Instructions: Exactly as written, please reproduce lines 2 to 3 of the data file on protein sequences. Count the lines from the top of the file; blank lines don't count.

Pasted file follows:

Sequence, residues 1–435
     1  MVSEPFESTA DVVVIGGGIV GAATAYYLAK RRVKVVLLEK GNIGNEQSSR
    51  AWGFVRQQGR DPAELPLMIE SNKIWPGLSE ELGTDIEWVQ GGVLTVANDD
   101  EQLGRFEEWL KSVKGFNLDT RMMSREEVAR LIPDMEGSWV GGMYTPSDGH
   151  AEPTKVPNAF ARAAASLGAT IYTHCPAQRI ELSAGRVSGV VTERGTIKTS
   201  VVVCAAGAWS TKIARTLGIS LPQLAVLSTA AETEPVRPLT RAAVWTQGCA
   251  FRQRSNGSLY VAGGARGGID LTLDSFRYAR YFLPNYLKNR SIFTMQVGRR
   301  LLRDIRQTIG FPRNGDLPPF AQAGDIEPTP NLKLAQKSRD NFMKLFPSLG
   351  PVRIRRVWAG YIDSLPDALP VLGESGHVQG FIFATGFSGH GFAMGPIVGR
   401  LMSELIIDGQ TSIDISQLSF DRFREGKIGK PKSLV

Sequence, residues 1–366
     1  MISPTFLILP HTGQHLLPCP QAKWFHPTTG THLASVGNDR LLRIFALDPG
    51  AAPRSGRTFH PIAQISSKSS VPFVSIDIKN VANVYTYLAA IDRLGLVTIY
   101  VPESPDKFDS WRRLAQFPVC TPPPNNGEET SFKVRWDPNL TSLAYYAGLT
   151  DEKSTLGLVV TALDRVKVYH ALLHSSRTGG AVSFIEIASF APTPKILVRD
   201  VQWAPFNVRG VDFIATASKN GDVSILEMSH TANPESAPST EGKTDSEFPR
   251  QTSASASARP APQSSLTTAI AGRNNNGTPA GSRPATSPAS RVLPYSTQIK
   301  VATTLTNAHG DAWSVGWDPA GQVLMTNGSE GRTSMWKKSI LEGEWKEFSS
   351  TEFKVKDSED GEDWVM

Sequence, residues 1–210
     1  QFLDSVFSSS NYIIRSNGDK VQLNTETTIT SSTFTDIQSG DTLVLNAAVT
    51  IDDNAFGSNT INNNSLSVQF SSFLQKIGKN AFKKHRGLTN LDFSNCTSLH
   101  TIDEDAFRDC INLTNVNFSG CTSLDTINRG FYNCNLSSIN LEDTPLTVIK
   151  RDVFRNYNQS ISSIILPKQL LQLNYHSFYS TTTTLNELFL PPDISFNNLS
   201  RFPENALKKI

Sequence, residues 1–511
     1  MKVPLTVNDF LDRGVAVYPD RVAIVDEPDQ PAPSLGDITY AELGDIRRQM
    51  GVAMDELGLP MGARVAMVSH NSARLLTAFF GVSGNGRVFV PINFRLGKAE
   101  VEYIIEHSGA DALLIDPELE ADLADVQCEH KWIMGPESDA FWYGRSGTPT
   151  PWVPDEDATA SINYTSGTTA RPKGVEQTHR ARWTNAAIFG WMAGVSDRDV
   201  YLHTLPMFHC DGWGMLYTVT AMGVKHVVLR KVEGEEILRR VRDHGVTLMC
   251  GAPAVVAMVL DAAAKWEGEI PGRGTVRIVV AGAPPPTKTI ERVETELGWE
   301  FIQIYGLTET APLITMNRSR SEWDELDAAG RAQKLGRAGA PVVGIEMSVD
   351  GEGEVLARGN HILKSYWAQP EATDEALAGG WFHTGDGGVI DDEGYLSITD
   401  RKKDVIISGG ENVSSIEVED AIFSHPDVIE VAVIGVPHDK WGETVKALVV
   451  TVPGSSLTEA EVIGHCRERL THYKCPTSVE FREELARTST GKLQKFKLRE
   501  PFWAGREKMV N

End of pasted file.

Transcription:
     1  MVSEPFESTA DVVVIGGGIV GAATAYYLAK RRVKVVLLEK GNIGNEQSSR
    51  AWGFVRQQGR DPAELPLMIE SNKIWPGLSE ELGTDIEWVQ GGVLTVANDD